It can be a little bewildering to spot a stray dog in our concrete jungle, and we may feel compelled to render assistance. However, we at SOSD have put together this brief, handy set of tips to help you assess the situation and decide on your next course of action, so do have a read first!
I see a litter of puppies and no mummy around!
Adorable, cuddly puppies evoke squeals of delight from the most stoic of us. In the event that you do spot an unattended litter of puppies, resist the urge to take them away, as, in most cases, there is a frantic mummy missing her babies when she comes back for them later. Mummy dogs usually park their babies at a place and look for food before returning to feed the little ones. In addition, try not to touch them as the puppies will smell different and mummy may not accept them anymore.
It is a better idea to observe the situation over the next few days to see if mummy has come back for them, or if the puppies are in immediate danger, injured or severely malnourished, before contacting for help.
What should I do when I come across an unattended dog?
1. Assess the urgency of the situation
Seeing an unattended dog roaming in public is like seeing a fish out of water. Your protective instincts may implore you to help it, but you want to make sure that you are not unintentionally making the situation worse. For instance, if you see a dog stuck in traffic, running after the dog could put you, surrounding pedestrians and passing motorists in great danger. In this case, it might be safer to wait until the dog is in a safe place before providing assistance. Conversely, if a dog is already in a safe place, approaching or chasing might scare the dog and unwittingly place it in a dangerous situation. Only if the dog is in need of help and your surroundings are safe, should you proceed on your path to animal heroism. Most of the time, unless the dog is injured, it IS better to leave them alone.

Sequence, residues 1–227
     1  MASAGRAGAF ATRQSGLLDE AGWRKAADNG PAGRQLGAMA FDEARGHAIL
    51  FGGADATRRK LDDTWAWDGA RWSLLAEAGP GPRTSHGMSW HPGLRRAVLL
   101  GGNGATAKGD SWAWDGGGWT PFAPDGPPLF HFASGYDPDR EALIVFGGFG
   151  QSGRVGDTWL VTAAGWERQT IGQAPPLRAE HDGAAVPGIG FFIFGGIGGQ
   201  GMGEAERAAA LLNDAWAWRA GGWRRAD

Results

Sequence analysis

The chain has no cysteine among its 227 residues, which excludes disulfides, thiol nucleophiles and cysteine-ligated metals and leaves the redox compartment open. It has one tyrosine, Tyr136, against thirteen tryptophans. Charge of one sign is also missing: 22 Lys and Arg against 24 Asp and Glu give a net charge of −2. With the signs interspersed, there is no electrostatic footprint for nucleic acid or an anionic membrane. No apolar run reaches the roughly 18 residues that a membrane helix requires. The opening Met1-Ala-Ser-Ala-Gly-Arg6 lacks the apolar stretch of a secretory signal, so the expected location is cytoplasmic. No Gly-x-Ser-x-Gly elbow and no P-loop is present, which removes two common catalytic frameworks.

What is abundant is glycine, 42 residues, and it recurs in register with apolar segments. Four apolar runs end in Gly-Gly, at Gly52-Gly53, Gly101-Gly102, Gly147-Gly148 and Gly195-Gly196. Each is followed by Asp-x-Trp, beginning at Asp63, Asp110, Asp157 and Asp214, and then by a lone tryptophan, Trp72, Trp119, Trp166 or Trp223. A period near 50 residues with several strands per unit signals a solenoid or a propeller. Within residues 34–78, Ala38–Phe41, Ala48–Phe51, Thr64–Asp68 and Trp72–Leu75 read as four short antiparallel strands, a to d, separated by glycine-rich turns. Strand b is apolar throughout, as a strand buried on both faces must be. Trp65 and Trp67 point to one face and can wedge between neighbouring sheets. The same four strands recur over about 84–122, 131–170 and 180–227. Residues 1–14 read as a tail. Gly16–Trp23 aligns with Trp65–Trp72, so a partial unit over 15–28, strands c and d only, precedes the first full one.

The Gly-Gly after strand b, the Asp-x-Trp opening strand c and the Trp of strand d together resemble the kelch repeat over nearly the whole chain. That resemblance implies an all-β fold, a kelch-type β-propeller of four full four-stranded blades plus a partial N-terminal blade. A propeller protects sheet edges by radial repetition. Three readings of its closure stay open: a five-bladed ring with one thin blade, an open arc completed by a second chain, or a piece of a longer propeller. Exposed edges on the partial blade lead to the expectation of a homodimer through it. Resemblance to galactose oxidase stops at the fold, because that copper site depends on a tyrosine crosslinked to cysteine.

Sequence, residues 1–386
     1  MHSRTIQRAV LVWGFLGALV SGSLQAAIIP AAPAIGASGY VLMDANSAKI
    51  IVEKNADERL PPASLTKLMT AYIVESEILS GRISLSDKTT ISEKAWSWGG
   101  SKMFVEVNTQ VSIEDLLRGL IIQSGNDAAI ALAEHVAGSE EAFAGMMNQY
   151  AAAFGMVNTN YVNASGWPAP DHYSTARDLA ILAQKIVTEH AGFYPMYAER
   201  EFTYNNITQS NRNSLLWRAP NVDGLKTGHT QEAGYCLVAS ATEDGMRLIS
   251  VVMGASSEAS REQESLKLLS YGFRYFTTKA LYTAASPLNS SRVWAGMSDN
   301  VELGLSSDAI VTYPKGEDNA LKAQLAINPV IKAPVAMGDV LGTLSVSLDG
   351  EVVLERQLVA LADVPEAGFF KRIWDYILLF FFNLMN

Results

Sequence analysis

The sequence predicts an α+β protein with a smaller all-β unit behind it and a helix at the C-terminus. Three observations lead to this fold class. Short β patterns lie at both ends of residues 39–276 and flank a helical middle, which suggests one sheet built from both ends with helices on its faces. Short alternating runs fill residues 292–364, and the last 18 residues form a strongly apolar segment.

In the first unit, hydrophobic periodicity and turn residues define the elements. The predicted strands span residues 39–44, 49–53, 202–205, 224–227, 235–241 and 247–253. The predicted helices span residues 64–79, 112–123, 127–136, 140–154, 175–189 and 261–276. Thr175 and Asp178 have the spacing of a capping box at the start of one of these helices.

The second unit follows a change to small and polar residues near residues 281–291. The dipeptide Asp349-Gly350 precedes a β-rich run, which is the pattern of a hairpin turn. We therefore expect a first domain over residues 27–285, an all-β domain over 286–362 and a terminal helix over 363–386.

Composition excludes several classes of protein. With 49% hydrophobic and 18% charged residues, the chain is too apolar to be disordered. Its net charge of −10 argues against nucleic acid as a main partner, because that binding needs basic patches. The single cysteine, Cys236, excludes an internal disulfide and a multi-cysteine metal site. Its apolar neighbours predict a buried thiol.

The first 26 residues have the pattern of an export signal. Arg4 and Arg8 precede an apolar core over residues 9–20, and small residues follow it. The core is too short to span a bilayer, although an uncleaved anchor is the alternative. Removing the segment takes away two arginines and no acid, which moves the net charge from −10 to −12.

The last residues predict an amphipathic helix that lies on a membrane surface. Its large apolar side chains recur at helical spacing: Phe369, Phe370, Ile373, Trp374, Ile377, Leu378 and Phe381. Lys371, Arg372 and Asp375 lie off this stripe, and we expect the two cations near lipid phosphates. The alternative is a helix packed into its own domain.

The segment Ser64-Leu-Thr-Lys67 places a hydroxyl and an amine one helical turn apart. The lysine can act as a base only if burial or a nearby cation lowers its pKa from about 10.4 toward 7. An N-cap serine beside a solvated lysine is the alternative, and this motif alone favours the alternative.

2. Determine ownership
Before you whisk a dog away to safety, ensure that the dog is actually alone and not simply separated momentarily from its owner. You can save yourself a lot of time and hassle, avoid potential criminal charges and distress for all parties involved by making sure the dog is alone.
3. Analyze the condition of the dog
Dogs on the street generally fall into one of two categories: a dog that has been separated from its owner, or a stray dog without a home or loving family. Though all dogs are worthy of love and can be in need of rescuing, there are additional concerns that must be taken into consideration when attempting to rescue a stray. The risk of becoming infected with a disease is much greater if you get bitten by a dog that has not received shots, as many stray dogs have not. Thus, you should be especially cautious when dealing with a stray.
4. Protect yourself at all times
Approaching the dog can be a little dangerous as dogs can sometimes be defensive or even hostile due to prior abuse, neglect, sickness, or its general temperament. When attempting to help a dog, it is more important to protect yourself first.